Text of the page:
The Computer Aided Diagnosis (CAD) Research Laboratory at the University of Michigan is developing algorithms to detect and characterize lung nodules in CT images. One of the distinguishing features of many benign pulmonary nodules is the presence of a significant amount of calcifications with central, diffuse, laminated, or popcornlike patterns.1
Calcium salts are accumulated by dead or dying benign nodules because as the cells die, the proteins are denatured, exposing “groups capable of binding phosphates which in turn serve as sites for the deposition of calcium in the form of phosphates, carbonates, or oxalates.”2
Since calcium absorbs x rays more than most other tissue components, it can often be readily detected in CT images. The pixel values (CT numbers) of a CT image are directly related to the relative x-ray attenuation of the tissues. Ideally, the CT number of a tissue should depend only upon the composition of the tissue. Unfortunately, this is not the case. Many other factors affect the CT numbers including x-ray beam hardening, x-ray scatter, partial volume, and reconstruction kernel effects. These factors cause errors in the CT numbers, which can reduce the conspicuity of calcifications in pulmonary nodules.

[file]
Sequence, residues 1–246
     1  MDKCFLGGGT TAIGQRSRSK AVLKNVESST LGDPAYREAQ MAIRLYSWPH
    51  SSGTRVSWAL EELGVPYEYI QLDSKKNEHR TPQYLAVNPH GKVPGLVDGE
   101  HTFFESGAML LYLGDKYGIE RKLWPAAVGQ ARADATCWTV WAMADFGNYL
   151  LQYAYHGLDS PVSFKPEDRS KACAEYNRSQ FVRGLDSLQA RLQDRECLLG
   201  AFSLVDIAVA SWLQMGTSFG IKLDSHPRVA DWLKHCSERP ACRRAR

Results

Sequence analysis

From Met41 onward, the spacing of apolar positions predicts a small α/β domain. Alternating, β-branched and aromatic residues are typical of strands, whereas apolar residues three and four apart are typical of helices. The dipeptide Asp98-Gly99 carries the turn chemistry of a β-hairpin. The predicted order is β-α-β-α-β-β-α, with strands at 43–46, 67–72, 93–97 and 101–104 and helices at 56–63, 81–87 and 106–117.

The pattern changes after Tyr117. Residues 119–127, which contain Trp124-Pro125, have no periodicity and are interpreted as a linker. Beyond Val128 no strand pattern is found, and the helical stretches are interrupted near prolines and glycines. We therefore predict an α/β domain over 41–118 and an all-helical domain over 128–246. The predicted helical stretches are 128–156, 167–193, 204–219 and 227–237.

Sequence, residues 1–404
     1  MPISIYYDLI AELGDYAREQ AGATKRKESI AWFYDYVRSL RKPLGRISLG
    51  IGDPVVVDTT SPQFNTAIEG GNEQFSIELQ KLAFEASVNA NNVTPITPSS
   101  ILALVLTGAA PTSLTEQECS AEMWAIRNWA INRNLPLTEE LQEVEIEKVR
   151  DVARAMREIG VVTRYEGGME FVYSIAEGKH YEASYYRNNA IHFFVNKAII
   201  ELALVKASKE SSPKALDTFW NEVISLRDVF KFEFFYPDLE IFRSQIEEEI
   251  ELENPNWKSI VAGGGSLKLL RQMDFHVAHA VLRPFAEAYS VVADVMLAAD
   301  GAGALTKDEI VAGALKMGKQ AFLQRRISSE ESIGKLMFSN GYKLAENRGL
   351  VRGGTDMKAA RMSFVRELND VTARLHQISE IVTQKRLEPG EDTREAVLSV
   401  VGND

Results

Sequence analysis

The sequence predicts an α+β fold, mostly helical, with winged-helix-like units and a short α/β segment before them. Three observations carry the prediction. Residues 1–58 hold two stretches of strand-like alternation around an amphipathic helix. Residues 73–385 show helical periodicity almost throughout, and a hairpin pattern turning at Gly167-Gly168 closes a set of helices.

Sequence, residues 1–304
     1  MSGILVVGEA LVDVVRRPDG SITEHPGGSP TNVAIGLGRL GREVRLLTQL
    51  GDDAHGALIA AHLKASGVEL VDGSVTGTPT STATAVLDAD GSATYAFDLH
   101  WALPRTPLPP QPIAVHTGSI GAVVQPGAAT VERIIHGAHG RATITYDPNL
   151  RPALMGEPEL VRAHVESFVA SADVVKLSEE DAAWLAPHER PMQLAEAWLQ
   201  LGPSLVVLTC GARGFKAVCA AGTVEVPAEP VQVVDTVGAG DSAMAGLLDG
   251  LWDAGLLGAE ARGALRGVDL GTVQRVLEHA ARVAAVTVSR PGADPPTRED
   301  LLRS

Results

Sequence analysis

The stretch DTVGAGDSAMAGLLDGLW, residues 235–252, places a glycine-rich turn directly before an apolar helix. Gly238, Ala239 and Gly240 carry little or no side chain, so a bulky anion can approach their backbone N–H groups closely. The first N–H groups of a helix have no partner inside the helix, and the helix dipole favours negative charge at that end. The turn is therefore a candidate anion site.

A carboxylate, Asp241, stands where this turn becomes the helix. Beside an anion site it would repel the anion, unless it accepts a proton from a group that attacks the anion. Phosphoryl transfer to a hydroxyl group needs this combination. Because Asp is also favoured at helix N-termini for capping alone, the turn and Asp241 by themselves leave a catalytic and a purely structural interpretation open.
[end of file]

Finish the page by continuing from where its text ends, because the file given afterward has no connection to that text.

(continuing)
One way to counter these effects is to relate the CT numbers in a patient scan to those in an anthropomorphic phantom. Zerhouni et al.3,4